I am a good person. I pay my taxes, give to charity and don’t run red lights.
I spend a lot of time on my website, keeping it up-to-date, providing quality content and information for our visitors plus I write my Pure Water Profits blog for Water Technology that covers lots of different marketing topics ranging from general direct mail tips to industry specific issues such as those facing the water quality industry … not to mention topics such as this.
My website is one of my key lead generation vehicles and I power it with pay per click ads and much time spent on developing appropriate content, backlinks (and all the stuff they tell us in SEO school) to improve my organic search.
Because of this effort, people visit my website and complete lead generation forms we call Quick Quotes, which I distribute to our sales staff to work.
In the past years, we have had many fake forms filled out with some very interesting monikers, ranging from dottydoos to staff@nytimes to abc@gmail — you catch my drift. These are easily identifiable as “ca-ca.” In an effort to combat this, I put in a captcha, which I’m sure deters more real prospects than the bots.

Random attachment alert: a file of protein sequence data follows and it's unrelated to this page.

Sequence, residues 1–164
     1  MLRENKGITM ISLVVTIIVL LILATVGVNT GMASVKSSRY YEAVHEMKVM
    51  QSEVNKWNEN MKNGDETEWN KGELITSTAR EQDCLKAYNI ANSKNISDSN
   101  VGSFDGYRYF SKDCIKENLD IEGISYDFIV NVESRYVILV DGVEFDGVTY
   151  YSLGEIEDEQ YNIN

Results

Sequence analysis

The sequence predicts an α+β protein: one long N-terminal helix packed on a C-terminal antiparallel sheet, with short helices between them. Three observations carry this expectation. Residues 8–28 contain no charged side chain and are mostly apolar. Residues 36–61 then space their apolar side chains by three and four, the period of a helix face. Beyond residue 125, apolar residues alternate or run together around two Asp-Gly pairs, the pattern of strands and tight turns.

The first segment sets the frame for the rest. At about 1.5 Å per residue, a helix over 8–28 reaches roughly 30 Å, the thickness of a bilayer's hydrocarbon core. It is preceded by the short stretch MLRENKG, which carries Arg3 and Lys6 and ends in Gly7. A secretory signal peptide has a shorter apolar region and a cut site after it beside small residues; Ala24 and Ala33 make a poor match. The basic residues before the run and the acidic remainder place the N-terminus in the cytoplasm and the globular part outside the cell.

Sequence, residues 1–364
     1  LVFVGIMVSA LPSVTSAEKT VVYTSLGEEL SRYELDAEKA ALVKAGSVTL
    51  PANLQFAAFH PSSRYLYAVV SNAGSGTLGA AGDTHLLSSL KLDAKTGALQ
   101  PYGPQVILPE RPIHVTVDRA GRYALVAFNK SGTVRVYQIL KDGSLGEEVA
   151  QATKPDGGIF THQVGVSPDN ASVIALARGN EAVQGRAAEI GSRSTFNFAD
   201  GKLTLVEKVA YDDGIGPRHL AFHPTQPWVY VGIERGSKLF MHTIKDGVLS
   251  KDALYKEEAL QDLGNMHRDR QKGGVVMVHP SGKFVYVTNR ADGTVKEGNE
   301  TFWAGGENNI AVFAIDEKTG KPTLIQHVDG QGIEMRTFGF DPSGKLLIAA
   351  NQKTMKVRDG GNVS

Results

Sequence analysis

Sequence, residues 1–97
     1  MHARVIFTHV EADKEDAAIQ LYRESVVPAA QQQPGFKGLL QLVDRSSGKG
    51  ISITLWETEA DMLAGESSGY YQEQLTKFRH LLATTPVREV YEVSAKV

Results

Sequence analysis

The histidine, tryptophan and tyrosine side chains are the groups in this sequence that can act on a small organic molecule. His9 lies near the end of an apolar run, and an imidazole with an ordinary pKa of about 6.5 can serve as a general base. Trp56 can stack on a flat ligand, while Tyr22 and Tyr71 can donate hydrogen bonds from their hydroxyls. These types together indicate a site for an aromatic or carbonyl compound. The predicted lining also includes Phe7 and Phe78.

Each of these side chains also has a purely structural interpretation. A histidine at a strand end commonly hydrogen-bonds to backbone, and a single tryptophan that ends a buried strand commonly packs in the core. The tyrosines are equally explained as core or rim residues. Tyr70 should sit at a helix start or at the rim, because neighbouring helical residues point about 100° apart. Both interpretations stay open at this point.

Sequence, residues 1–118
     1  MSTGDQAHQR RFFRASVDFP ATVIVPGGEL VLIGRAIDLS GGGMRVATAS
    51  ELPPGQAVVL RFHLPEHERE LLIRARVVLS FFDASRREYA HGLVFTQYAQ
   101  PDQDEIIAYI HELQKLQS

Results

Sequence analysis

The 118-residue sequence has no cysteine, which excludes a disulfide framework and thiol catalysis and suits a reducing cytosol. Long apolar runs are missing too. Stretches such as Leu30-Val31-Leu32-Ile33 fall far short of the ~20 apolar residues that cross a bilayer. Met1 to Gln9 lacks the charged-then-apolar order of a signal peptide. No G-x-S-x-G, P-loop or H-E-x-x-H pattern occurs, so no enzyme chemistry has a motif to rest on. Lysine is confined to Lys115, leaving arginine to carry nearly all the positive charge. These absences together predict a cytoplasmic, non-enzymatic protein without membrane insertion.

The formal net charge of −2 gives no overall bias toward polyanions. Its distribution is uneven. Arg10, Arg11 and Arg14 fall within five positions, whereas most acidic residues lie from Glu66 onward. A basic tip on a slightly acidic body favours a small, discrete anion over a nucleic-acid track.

Regardless, the Captcha hasn’t helped. It’s obvious that there continues to be people who spend their time wasting mine. One of my favorite serial phonies is Calmodovar, who seems to have accounts with every single ISP you can imagine, and even the ones you can’t, because they are all fake.
But I started to notice several patterns. Multiple fake lead forms coming from the same ISP. Over and over and over. Every day I get a rash of phony lead forms, it makes you really want to go to work on this stuff.
I have complained to the all-knowing, all-seeing Google — who basically doesn’t care. “Forget the tens of thousands of dollars we charged on your credit card, buddy — it’s not our problem,” is Google’s answer. (Ooh, should I have said that? Do you think my organic is going to drop like a rock because I wrote that?)
Yesterday, DataScott in my office called one of our phony-leads-of-the-day, which was a lovely older woman who told him that she has gotten many, many calls from other list providers and direct mail companies. At first she thought it was kind of odd. Now she knows that someone is using her name and information and filling out forms all over the internet.
Recently, The Wall Street Journal reported that 36 percent of all Web traffic is bogus.
So I guess maybe I shouldn’t take this personally — maybe everyone in our industry is getting clicked up the wazoo by someone whose goal is to continue to drive up our costs and drive us to drink.